WINE SPECTATOR: What made you think in 1968 that you could ever start a vineyard?
AL BROUNSTEIN: I had no idea. I just went ahead. I saw what my neighbor was doing. Not a real close neighbor. It was Ridge Vineyards. And when I looked for land originally, I just wanted a piece of land where I could grow grapes and live a quiet, peaceful life.
And I met this fellow from Ridge Vineyards—his name was Dick Foster—and he said, "Al, if you're going to make grapes you might as well make wine."
I says, "What do I know about wine?"
He says, "You'll learn."
And apparently I did.
But what I did do, which was pretty smart in retrospect, is I hired very qualified people to help me. And they are the winemakers to whom I now give credit for their ability to take a raw piece of land I bought and to turn it into a great wine.
And that was Jerry Luper, who was with me for 20 years. And now that he left for Portugal, I've had Phil Steinschriber as my winemaster. But, in addition, as consultants I have Heidi Peterson, Dick Peterson and a fellow named Leo McCloskey, who used to be the chemist. He wasn't called the enologist in those days. But before the present manager, Paul Draper of Ridge, came along, Leo McCloskey was the one calling the shots for Ridge Vineyards. And I was in on it because of my acquaintance with Dick Foster. Great guy.
WS: You were one of the first to talk about terroir in America. How much of your wine success is due to terroir and how much was due to people you give credit to for making it?
AB: Oh, I would say 90 percent was terroir, because if it weren't for this group of people there would be another group. I thought I selected the very best at that time. And apparently tonight proves that I was probably correct because here I am being able to expound on the virtues of my great vineyard, and it all started from the great soil in which we are growing our vines.
WS: Could you tell us about some of your wines and their characteristics and how they reflect the land?
AB: Well, fortunately for us, it took two years for the vines to grow. Because when I first planted them, I had no idea how the wines would be so different. But we now have three vineyards within one vineyard.
I would get a great deal of dust on my face every time I took my tractor through the vineyard which is now called Volcanic Hill because it got all that volcanic ash from the various many eruptions from nearby mountains.
Then following that would be Gravelly Meadow—and that's relatively flat—whereas Red Rock Terrace is so steep that it has to be terraced. The total of our three vineyards was 20 acres. Eight of it was Volcanic Hill, 7 was Red Rock Terrace and 5 was Gravelly Meadow.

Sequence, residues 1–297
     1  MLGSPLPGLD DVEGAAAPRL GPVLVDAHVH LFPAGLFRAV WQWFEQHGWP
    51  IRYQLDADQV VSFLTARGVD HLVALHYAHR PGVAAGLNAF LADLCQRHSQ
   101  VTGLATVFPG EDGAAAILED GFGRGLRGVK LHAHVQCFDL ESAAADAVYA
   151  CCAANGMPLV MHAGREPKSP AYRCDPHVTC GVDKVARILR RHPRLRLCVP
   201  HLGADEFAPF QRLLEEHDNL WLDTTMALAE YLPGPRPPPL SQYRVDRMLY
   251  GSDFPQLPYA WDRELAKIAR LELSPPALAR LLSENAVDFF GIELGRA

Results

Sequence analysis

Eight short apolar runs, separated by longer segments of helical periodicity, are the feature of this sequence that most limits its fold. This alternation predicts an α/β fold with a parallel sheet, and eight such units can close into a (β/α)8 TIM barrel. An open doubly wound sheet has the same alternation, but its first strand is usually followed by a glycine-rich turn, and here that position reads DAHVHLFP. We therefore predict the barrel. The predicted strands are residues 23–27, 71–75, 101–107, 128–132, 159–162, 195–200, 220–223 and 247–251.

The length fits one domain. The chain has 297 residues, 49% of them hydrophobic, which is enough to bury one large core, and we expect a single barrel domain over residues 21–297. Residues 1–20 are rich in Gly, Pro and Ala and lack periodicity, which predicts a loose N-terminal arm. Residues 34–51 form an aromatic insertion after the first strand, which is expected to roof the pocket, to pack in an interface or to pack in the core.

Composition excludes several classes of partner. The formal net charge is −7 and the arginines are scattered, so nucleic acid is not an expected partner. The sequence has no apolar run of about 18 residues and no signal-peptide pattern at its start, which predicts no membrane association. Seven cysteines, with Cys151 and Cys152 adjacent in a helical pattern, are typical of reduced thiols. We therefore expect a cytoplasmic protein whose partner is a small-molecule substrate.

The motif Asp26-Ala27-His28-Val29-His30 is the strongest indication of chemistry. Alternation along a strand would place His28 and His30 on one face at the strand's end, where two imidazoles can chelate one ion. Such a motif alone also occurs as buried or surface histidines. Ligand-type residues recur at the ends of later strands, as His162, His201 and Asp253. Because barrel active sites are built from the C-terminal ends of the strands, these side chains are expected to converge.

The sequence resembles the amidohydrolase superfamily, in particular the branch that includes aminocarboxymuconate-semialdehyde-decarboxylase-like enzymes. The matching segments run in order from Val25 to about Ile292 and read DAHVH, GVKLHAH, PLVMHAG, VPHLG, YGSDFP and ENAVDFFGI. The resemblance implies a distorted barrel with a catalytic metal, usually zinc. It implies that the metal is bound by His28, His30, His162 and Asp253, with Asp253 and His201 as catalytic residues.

And each vineyard was separated from the other by this little creek—Diamond Creek. And it gets its name from the quartz crystals that are embedded in the rocks lining the creek and every year, the winter rains would expose these quartz crystals from the rocks.
And the neighbors would pick them up, chunk them out of the rocks, polish them, mount them on settings and say, "Look at my diamonds." And the man who sold me the land said that I would be able to pay my taxes with the diamonds that I get from Diamond Creek.
Well the taxes were never that low, but we got a bargain—and we got a bonus that we didn't bargain for. And that was that the creek separated the vineyards into three distinct types.
By that I mean the soils are so unique, they're so different, that we can ascribe them as being like some of the great vineyards of France.
Some of my vines were, from the beginning, considered to be very much like the Château Margaux. That was what we called Red Rock Terrace. Then we named another vineyard Gravelly Meadow, and that was similar to the great Château Haut-Brion. We called the last one our Château Latour, and that was Volcanic Hill.
And in the beginning they used to say that there's a cult of Volcanic Hill worshipers because that wine was so pronounced. In the beginning and to this day, that is our biggest wine. It has the biggest initial impact on your taste buds.
WS: How has your understanding of your vineyards changed over time?
AB: We're very persnickety about every grape that gets crushed. First of all, we've never bought grapes. We got our vines from two of the most famous vineyards in France. And they sent us their bud wood. That was in 1965. And then in '67 we took it from the nursery and planted it into the vineyards.